We Need Modern Orthodox Havurot

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In the second half of the 20th century, Jews across North America began to search more personal ways to connect to Judaism and spirituality. Instead of flocking to synagogues for prayer services and Torah study, small Jewish cohorts known as Havurot began cropping up in cities and suburbs alike. It was a revolution of Jewish spirituality and activism, and showed an early form of entrepeneurial inventiveness among Jews who knew what they wanted, but were not getting it from the established organizations.

And still today we find a need for innovation and reform in the way the Jewish community is engaged in it’s spiritual, cultural and educational manifestation. This call is being answered by Jewish social entrepeneurs who are finding gaps in the services currently being offered, and are creating small, localized efforts to address those demands.

A lot is being written about this phenomenon (see Innivation Ecosystem by Jumpstart), and it is becomming a major element of the Jewish communal field. In fact, the only group of Jews that have not entirely embraced this spirit of individuality is the orthodox.

This may seem obvious to some people, but there is a lot of dissatisfaction among young (modern) Orthodox Jews with the synagoes they are associated with. By and large synagogues are not responding quickly enough to the needs of us young Jews, and we are forced to choose between losing orthodox affiliation and participating in sub-standard communities.

Some synagogues are more responsive that others (Mt Sinai is alright with recent exceptions noted) but the overall top-down structure of orthodox community is not an absolute necessity.

It’s time for us to chart our own paths and find our own voices. I think we should take to the streets (or or living rooms) and find new ways to express our yiddishkeit. We are already doing this at shabbat meals that include lively discussion of Jewish thought, philosophy, bible study and much more. We must find new ways to express and actualize this dwindling fire within us in significant and meaningful ways.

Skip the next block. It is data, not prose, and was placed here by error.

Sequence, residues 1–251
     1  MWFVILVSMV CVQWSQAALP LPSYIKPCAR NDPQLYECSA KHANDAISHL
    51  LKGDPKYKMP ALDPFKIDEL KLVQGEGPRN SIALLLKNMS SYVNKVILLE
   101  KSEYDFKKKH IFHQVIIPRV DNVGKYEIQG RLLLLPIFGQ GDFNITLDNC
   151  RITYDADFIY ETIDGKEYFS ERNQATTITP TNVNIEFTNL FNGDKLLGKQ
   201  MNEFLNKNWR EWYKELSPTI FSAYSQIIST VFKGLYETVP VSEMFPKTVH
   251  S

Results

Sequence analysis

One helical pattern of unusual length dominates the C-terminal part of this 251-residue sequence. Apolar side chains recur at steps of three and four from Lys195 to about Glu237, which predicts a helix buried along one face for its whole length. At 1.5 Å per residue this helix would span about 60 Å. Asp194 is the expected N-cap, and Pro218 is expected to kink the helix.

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7 thoughts on “We Need Modern Orthodox Havurot

  1. Aaron

    SBS,

    I think that’s a good point. In this age of Social Media, there is a lot of room for Jewish connectivity online.

    I do think, however, that Jews are meant to connect and interact together in person (why else would every holiday revolve around a feast?)

    A lot of what one might have gotten out of a Havurah could be gained through online communities, but there will always be that hug, smile or face-to-face conversation that makes the difference.

    -Aaron

  2. Aaron

    As I was thinking about this more, I realized that there is one Havurah in Washington Heights. I think that Migdal Ohr is definitely doing what I was talking about, and it has taken the Havurah and turned it into a small Jewish organization.

    I think that the Migdal Ohr model of combining periodic prayer, Torah study and group meals is definitely a nice model for what could be a successful movement of all types of Havurot.

    The beauty of Migdal Ohr is that it’s not separate from the rest of the community. It’s my understanding that many of the Migdal Ohr members will daven regularly at the synagogues in the neighborhood, but have Migdal Ohr as a pillar of their Jewish connectedness as well.

    SW – what if the format/structure was similar to Migdal Ohr’s?

  3. SW

    I like the structure/format is wonderful (various people hosting from time to time/community meals/divrei Torah/shiurum, etc…). My only concern is the nature of the havurah, the reasons people want to join them, and the various expectations each person has of the havurah.
    Inclusiveness is a wonderful thing, as is tradition. One man’s (or woman’s) view of women dancing with a sefer Torah, is another one’s view of women participating in teffilot. I am not saying that I think one should be allowed in the havurah and the other should not- but when setting one up, the havurah needs to establish guidelines regarding how they view halakha, minhag, and communal norms.
    All in all though, the idea of a small intimate inclusive community is a wonderful idea!

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